More than 250 Beijing citizens and rights activists signed a “letter of advice” to the Chinese regime’s rubber-stamp legislature ahead of its annual session in early March, calling for greater protections for petitioners in the country.
Authorities have been swift in their response, with reports that Beijing police have began to investigate several signatories and have detained the person who started the petition.
In a letter titled “Letter of Advice to the National People’s Congress from the People of Beijing,” 251 signatories urged more transparency and oversight of bureaucratic processes, greater rights for petitioners at all levels of government, and an end to authorities forcibly evicting and relocating people from their homes. The letter was posted on a public online platform hosted by the Beijing city government.
According to Defending Human Rights, an overseas-based website that serves as a clearinghouse for rights abuses in China, the author of the petition, Liu Jingru, was taken away by police on Feb. 1 and hasn’t been seen since. Authorities are also reportedly looking for the “leaders” behind the petition.
Meanwhile, police have visited several Beijing petitioners and questioned them about their activities.
Not Breaking the Law
Beijing resident Wang Xiuzheng, a signatory to the petition, told Radio Free Asia that police have visited her home three times to interrogate her about the letter.
Wang said she asked the police, “We [petitioners] have not broken any law. We have petitioned in the usual way, is there anything wrong with that?”
Since ancient times, Chinese people have had the right to submit their grievances to authorities through written letters or by in-person visits. State petitioning bureaus have been set up across the country to receive and handle complaints by aggrieved citizens who can’t resolve their issues at the local level. However, authorities have consistently harassed and detained petitioners in an attempt to stop them from making public protests.
Wang told the outlet that she joined the petition to urge authorities to stop all illegal acts, including forced evictions, and ensure the rights of citizens to lawfully petition their grievances.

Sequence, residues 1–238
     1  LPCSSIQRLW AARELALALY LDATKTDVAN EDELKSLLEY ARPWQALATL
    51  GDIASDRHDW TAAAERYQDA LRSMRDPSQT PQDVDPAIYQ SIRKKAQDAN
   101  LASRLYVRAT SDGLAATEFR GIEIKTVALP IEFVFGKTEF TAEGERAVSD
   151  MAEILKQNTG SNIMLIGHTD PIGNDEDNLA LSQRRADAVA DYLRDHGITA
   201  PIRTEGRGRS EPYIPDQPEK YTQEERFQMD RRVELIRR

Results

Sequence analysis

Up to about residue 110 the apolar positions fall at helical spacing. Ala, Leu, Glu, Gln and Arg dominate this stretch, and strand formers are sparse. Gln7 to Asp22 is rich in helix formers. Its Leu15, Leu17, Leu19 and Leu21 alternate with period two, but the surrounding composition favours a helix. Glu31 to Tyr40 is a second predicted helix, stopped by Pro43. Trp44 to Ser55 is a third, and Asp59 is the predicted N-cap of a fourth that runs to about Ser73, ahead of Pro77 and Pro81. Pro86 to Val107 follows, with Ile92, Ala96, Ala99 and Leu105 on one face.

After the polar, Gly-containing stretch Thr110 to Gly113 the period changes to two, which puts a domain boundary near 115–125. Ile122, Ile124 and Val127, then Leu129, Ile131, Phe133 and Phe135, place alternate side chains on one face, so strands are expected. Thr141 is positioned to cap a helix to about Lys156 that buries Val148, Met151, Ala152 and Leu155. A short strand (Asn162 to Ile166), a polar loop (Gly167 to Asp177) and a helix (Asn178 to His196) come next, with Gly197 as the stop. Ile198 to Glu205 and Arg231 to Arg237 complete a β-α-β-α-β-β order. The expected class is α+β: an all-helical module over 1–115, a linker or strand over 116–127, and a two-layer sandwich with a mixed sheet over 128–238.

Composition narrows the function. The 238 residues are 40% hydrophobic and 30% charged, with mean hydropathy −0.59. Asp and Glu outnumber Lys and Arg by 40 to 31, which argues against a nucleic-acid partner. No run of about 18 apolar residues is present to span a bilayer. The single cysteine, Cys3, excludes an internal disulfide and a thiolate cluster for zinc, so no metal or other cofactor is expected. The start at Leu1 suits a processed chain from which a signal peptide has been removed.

“The Chinese Communist Party’s judicial system is unjust. The country’s petition system does not do anything. The supreme court also does not do anything.”
Wang said that many people were driven to petitioning after their experiences in the court system, where they allege judges failed to carry out justice.
Another Beijing resident, Guo Jiang, told the outlet that he felt compelled to sign the letter after being repeatedly held in “black jails” for petitioning against the demolishing of his home by authorities.
Black jails are an extrajudicial network of detention centers used to detain petitioners, preventing them from exercising their right of complaint.
Another Beijing resident, Hu Xiulan, also signed the petition. She told Voice of America that she has been visited by the police.
When Hu asked the police whether or not what she did was illegal, the police replied that it wasn’t, she told the outlet.
Hu said she became a signatory because of what happened to her son when he protested their home being demolished by authorities. She said her son was beaten and detained by the police. Hu has been petitioning the son’s case since then, seeking an explanation from the court.
Another signatory, Li Huiqian, said police have detained several people already but weren’t able to take her because she wasn’t at home at the time, according to Voice of America.